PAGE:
SG: Would you describe your arrest?
JOC: I was at my wife’s aunt’s house napping when plainclothes agents showed up with a search warrant. My wife woke me up, a bit scared, and they all came in and carried out an exhaustive search. They took many pictures of everything they confiscated, which wasn’t much: two old, worn-out typewriters, and many news stories; books on politics, economics, even world literature; and a small 8mm camcorder. When we went downstairs to go to my house, the street was blocked. There were several police cars and motorbikes; it was a huge police operation. People were terrified, and many were watching from their balconies.
The search at my house was very similar. While they were searching, one of them turned on a radio and tuned in the “Mesa Redonda” talk show–which was talking about us, about the crackdown taking place at the same time at many homes in Cuba, and they were using epithets to denigrate and slander us. Around 10, 10:30 p.m., I arrived in Villa Marista, where they carried out a thorough body search and gave me prisoner’s clothes.
SG: Were you expecting the arrest?
JOC: I wasn’t expecting it, honestly. I thought it would be what had happened many times before. When the political police didn’t want me to cover an event, they would simply knock on my door and tell me I couldn’t leave. I thought it was routine harassment. I never thought it would be the beginning of a terrible period in the history of Cuba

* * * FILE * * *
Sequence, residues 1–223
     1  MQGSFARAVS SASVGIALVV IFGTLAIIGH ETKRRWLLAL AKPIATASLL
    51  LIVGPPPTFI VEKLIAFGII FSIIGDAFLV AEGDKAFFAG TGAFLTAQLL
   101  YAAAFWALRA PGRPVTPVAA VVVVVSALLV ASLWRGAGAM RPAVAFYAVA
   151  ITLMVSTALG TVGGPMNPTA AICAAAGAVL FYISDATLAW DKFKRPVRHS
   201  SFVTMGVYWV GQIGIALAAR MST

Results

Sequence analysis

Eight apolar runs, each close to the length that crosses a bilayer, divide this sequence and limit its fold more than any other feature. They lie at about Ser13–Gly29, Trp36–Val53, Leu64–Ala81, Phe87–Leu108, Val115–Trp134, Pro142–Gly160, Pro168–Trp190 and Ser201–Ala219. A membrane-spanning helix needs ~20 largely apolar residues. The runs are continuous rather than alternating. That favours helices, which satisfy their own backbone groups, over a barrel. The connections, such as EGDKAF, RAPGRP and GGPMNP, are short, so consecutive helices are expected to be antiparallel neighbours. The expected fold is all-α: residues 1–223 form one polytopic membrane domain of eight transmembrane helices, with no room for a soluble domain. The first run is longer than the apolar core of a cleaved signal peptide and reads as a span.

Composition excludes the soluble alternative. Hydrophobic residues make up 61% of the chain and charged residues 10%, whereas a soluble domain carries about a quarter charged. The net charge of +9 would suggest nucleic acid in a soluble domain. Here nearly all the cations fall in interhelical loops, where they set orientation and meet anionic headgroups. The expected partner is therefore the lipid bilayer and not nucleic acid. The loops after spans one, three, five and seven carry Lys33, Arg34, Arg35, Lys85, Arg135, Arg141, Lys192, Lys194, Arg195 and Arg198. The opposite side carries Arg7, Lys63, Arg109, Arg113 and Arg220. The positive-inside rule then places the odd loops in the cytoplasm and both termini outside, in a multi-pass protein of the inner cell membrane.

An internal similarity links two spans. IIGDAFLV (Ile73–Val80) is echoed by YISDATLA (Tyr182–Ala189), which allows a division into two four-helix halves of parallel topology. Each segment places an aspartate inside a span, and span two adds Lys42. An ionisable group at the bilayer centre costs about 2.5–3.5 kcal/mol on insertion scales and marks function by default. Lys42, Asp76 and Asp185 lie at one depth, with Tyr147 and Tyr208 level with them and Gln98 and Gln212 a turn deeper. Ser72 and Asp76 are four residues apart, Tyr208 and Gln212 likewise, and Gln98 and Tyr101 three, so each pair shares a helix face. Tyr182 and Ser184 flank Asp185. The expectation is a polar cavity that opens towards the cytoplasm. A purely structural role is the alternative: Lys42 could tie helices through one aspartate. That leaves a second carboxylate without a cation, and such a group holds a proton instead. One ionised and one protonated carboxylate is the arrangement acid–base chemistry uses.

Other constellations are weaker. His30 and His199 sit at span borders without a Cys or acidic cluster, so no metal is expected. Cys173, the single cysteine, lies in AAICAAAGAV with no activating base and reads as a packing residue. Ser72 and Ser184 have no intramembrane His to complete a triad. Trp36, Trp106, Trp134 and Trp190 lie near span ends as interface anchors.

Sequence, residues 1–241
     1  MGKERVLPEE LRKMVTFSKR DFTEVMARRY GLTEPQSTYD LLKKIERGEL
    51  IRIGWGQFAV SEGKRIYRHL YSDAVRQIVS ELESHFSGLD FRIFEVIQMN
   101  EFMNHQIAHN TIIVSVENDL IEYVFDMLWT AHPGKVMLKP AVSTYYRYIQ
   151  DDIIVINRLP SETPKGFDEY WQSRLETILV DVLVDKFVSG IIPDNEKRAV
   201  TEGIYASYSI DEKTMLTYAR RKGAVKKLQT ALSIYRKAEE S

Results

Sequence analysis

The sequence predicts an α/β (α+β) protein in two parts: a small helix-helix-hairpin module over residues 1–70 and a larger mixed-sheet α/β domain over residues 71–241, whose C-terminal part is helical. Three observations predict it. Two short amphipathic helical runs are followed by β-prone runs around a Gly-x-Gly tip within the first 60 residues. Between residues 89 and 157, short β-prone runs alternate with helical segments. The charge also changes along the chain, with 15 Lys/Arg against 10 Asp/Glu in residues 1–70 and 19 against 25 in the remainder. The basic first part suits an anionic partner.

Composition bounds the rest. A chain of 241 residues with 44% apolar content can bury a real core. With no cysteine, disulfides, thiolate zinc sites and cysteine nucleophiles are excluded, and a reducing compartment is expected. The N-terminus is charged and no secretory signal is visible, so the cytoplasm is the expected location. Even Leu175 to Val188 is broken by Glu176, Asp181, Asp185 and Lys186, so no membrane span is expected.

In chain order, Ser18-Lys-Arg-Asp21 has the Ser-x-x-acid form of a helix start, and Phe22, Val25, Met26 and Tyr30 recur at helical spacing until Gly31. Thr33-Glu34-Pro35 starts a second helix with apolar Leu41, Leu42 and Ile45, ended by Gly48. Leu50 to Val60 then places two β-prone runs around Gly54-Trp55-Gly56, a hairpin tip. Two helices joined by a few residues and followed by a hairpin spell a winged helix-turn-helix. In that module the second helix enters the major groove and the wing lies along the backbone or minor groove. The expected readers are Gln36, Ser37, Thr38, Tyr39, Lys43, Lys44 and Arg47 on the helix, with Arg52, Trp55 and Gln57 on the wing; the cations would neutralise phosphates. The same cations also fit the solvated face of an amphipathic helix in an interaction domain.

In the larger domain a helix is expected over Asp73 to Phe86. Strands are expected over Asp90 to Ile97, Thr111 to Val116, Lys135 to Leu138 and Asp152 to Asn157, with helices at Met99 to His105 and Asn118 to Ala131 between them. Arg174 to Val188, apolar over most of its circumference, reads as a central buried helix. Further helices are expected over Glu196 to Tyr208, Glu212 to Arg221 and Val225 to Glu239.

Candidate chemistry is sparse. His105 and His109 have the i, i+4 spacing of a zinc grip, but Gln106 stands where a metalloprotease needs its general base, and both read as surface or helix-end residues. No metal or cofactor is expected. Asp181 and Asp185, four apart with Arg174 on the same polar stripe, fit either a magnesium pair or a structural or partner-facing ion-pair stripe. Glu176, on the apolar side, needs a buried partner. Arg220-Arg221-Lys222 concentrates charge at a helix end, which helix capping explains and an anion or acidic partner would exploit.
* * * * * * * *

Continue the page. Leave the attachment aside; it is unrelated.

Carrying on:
JOC: To feel that you’re imprisoned, are surrounded by walls and bars everywhere, without reason, it’s a double shock that you suffer. I spent 36 days in a cell with common criminals in Villa Marista. The four of us could not stand at the same time, that’s how small the cell was. There was no ventilation and we had a fluorescent lamp on 24 hours a day. The bathroom was a hole; the smell was unbearable.
Then the trial came. The trial was a sham, a grotesque sham. I only saw my lawyer 10 to 15 minutes before my court hearing was to start. I felt I had been convicted in advance. Thank God I had the strength of character and could face such a difficult situation. I did not keep silent. I defended myself against all the allegations prosecutors made, full of visceral hatred –I can’t forget that. I refuted all of them.
Then there was the distance. I was sent over 900 kilometers (560 miles) from my place of residence, which was an additional punishment for my wife and my children. I was first at the Combinado Provincial de Guantánamo, and we were placed with common prisoners for 17 days. Then we were placed in solitary confinement. We had an hour a day to get some sun. I began having pain in my bones, due to the cell’s humidity and the lack of sunlight. I was sick all of one year. The food arrived rotten sometimes, and the water was muddy and brown. I contracted parasites twice. I would tell the doctor: “Look, the food is poorly prepared and sometimes rotten. The water is contaminated; we should not drink it.” And she would say: “That’s not my problem. My problem is if you get sick.”